Royal Johnson, a longtime state lawmaker who was also known as a statesman, will be honored Thursday at the first of what is intended to be an annual series of forums at the Billings Public Library.
The first forum, “Knowledge is Power,” will feature a panel of three experts on the role of money in politics, including Alan Simpson, a former U.S. senator from Wyoming.
The free forum, which is open to the public, will start at 7:30 p.m. Thursday in the Royal Johnson Community Room at the Billings Public Library.
Sponsored by the Billings Public Library Foundation, the forum will also feature Anthony Johnstone, a University of Montana law professor with a wide background in constitutional and election law, and Edwin Bender, director of the Helena-based National Institute on Money in State Politics, better known by its Web address, FollowtheMoney.org.
Steve Prosinski, retired editor of the Billings Gazette, will moderate the panel discussion. Prosinski said most of his questions will deal with the effects of money on state and local election campaigns and recent court decisions that have “opened the floodgates” to donors wanting to influence elections.
Leslie Modrow, development director for the library foundation, said members of the foundation board got the idea for the forum after Denise Roth Barber, managing director of the National Institute on Money in State Politics, spoke at the foundation’s 2015 Food for Thought event.
At Food for Thought, paying customers spend an evening at the library dining, drinking and talking with table hosts from a wide variety of backgrounds. Roth Barber spoke on “Dark Money: Tracking the Flow of Money in Politics,” Modrow said, and “Holy cow, it was so popular. People just wanted to know more.”
Foundation members came up with the idea of a forum on money and politics, and then decided to make it an annual event. The foundation had already named the community room after Johnson last May 2, which was Johnson’s 90th birthday. Modrow said the foundation wanted to sponsor events in the community room, and the forum series seemed perfect.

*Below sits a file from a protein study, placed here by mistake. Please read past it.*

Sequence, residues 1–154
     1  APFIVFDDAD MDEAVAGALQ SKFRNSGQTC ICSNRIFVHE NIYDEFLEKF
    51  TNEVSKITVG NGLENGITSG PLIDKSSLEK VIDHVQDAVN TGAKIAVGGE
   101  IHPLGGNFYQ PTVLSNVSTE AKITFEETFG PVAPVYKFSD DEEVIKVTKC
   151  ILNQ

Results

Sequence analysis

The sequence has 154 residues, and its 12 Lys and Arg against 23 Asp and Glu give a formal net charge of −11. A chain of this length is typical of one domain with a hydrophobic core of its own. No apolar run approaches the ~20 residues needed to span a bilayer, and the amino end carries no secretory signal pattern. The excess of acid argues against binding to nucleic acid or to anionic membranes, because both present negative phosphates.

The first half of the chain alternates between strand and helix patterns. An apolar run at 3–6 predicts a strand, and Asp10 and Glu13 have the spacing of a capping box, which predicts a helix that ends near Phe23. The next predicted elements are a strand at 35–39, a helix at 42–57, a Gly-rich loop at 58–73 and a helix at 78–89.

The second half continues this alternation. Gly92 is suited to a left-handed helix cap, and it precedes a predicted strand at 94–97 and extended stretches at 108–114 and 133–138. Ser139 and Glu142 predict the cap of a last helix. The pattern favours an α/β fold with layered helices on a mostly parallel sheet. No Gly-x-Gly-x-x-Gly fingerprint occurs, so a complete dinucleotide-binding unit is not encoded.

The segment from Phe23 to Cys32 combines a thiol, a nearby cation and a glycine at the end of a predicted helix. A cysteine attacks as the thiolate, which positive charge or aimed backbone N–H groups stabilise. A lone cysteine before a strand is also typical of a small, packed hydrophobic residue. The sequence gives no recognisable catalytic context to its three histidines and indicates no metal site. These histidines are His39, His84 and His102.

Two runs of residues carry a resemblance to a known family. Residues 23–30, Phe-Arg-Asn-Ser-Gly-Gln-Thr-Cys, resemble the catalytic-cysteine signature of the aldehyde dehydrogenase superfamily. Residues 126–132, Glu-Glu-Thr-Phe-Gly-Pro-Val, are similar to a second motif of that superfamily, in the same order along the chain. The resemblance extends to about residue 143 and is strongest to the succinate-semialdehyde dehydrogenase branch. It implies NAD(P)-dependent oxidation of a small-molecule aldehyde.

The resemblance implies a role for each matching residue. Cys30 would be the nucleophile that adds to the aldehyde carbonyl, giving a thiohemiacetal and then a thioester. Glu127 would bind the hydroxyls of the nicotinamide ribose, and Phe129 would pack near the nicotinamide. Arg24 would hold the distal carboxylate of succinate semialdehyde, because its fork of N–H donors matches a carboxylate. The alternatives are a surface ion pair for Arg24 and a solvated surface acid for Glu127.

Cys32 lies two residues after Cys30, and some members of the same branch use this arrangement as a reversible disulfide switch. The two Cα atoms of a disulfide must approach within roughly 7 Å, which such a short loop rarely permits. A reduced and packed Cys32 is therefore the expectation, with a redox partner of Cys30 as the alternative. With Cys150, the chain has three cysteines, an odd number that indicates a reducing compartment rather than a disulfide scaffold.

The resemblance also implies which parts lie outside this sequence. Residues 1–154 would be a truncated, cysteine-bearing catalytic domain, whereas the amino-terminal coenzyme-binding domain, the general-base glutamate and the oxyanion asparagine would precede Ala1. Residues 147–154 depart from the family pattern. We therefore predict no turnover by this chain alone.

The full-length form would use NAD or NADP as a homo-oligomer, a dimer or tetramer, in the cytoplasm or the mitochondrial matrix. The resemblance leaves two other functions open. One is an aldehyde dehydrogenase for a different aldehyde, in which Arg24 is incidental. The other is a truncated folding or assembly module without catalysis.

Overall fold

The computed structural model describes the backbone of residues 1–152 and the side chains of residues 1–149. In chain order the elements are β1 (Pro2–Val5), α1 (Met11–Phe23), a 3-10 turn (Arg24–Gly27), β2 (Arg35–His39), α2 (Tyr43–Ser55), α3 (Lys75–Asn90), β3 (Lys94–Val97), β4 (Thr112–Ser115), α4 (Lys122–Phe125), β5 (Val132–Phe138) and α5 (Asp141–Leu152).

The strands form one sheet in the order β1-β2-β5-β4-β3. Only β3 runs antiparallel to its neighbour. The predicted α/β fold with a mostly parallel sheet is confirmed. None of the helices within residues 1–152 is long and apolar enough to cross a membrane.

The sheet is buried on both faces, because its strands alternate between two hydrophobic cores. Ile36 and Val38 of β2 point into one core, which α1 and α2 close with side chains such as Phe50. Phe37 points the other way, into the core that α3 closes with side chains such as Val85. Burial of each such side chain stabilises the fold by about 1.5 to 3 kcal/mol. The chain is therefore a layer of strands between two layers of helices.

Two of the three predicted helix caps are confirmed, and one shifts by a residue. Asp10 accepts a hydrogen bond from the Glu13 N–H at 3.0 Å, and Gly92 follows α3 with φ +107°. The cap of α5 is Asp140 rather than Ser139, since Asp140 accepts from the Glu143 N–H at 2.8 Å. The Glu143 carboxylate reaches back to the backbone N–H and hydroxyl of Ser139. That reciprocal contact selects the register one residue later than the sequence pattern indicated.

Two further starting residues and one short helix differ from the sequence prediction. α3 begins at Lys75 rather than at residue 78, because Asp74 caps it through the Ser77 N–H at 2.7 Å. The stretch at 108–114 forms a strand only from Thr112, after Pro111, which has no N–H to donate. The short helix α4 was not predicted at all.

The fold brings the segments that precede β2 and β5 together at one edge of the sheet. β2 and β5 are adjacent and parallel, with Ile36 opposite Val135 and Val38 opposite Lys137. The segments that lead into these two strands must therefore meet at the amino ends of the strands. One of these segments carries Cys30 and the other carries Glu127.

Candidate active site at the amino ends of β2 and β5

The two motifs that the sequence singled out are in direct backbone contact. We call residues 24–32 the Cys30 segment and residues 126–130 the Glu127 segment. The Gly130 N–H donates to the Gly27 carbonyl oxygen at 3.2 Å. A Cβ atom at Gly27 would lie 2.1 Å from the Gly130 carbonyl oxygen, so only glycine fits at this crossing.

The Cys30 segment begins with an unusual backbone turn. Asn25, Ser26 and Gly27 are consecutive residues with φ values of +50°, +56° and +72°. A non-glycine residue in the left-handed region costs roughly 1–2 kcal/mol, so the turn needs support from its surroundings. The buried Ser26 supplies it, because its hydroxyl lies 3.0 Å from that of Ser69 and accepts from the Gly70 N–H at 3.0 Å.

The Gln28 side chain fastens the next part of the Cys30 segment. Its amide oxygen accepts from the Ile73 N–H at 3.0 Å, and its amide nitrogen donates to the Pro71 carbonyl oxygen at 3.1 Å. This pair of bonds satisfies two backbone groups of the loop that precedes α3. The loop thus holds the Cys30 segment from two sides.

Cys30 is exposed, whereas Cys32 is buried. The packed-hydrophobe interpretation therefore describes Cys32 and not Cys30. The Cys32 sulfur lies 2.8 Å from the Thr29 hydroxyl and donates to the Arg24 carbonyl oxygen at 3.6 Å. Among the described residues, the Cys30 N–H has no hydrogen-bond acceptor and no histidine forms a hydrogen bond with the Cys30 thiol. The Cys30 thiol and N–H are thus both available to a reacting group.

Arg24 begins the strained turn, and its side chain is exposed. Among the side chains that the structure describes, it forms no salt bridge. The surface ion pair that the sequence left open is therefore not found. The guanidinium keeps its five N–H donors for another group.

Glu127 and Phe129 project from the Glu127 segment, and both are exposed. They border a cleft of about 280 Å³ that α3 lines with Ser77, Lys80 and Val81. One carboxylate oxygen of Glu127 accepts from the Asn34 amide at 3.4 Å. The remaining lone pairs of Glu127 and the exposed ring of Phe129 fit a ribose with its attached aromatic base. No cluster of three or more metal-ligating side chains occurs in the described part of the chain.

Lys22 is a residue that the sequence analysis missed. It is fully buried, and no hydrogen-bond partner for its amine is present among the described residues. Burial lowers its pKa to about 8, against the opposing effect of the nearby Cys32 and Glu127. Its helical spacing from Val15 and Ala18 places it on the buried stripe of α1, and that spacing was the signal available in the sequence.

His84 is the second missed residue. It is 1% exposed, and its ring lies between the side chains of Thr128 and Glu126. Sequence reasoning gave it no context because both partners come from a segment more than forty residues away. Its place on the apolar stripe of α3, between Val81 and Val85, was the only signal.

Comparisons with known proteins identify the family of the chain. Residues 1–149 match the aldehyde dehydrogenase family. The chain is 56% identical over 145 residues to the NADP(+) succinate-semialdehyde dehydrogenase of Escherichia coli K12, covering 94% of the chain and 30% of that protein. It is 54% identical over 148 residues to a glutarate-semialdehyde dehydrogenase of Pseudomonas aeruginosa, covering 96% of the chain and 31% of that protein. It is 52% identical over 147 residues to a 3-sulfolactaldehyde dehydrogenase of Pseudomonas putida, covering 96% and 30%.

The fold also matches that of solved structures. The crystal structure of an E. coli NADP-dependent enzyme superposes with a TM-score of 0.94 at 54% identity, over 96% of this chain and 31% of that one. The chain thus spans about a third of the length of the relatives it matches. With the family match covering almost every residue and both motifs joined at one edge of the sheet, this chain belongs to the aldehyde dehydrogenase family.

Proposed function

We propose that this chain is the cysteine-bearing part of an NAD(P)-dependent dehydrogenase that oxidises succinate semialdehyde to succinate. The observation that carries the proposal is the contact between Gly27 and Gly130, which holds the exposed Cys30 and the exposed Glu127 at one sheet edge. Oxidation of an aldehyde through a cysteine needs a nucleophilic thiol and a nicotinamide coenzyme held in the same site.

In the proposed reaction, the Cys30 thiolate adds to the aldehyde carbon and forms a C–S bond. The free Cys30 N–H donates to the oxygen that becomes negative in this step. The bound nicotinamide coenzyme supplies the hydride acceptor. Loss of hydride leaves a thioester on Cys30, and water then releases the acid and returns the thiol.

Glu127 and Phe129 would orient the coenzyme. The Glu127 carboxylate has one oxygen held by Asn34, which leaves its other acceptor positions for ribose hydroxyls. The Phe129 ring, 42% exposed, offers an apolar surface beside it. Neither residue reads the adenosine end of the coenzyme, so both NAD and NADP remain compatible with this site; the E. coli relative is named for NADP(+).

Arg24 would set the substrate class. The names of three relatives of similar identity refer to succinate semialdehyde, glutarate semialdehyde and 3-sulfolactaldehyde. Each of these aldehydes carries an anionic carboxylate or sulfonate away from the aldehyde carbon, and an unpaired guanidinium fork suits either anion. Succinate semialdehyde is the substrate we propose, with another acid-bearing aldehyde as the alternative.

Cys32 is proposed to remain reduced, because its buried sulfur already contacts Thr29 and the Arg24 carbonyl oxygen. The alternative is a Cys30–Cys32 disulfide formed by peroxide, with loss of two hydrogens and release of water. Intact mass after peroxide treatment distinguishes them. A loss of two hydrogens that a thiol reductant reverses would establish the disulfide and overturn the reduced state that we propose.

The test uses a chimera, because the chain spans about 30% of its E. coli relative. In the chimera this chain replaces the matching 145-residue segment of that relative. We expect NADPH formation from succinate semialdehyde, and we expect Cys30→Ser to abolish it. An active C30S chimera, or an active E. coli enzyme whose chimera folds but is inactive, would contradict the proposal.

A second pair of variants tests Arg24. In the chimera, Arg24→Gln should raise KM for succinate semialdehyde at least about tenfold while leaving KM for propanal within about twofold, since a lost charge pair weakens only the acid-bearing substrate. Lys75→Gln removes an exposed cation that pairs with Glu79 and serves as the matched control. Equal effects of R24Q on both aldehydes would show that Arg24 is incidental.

The goal of the series is to have open, honest discussions of important subjects in a community setting, Modrow said —“all the things a good statesman would want.”
Johnson, a former Billings City Council member and state senator, was chairman of the library board in the late 1980s when he persuaded the library director and various city and county officials that a foundation was needed to support the library.
Once the foundation was formed, Johnson said in an interview Monday, he told other members that they were not going to raise enough money by putting on tea and coffee get-togethers.
“I told them, ‘You’re going to go to your wealthy friends and ask for dough.’” The foundation met its original fundraising goal of $250,000. Since then, it has raised a little more than $5.4 million. The foundation also played a large role in raising private money to match a voter-approved tax levy to build a new library, which opened early in 2014.
For Johnson, working to improve the library was something that had to be done.
“I just don’t think you could be proud of your city without a good library,” he said.
Here’s more information about the panelists who will appear at the forum on Thursday:
Simpson represented Wyoming in the U.S. Senate from 1979 to 1997 and later taught at Harvard University’s John F. Kennedy School of Government and for two years was director of the Institute of Politics at the school. In 2010, he was appointed by President Obama as co-chair of the National Commission on Fiscal Responsibility and Reform.
Last year, he became co-chair of the advisory board of Issue One, a nonprofit organization that works to lessen the role of money in politics.
Johnstone teaches and writes about federal and state constitutional law, legislation and related subjects. Before joining the UM School of Law, he served as the solicitor for the state of Montana.
In 2012, Sen. Jon Tester, D-Mont., invited Johnstone to address the Senate Judiciary Committee on the consequences of the Supreme Court’s Citizens United decision, the effect of which was to prohibit government restrictions on independent political expenditures by corporations, labor unions and other associations. Relying on its decision in Citizens United, the Supreme Court later invalidated Montana’s century-old Corrupt Practices Act, which was aimed at ending heavy corporate influence on statewide elections.
Bender helped found the National Institute on Money in State Politics and has been the director for more than a decade. The institute bills itself as “the nation’s only free, nonpartisan, verifiable archive of contributions to political campaigns in all 50 states.”
In 2012, Bender was an expert witness when the Montana Attorney General’s Office defended Montana’s campaign-contribution limits.
The library foundation is also hosting a pre-forum reception at Buchanan Capital, 201 N. Broadway. Modrow said the reception is already sold out, and the 110 people attending it also have reserved seats at the forum. Another 40 people will be seated at the forum and standing room will be available.
In other words, you’d better get there early if you want to get in. If you can’t make it, it is being filmed by Community 7 Television and will be aired later, several times.
Attendees will be invited to write out questions for the panelists, and some of those will be used in the question-and-answer session following the panel discussion.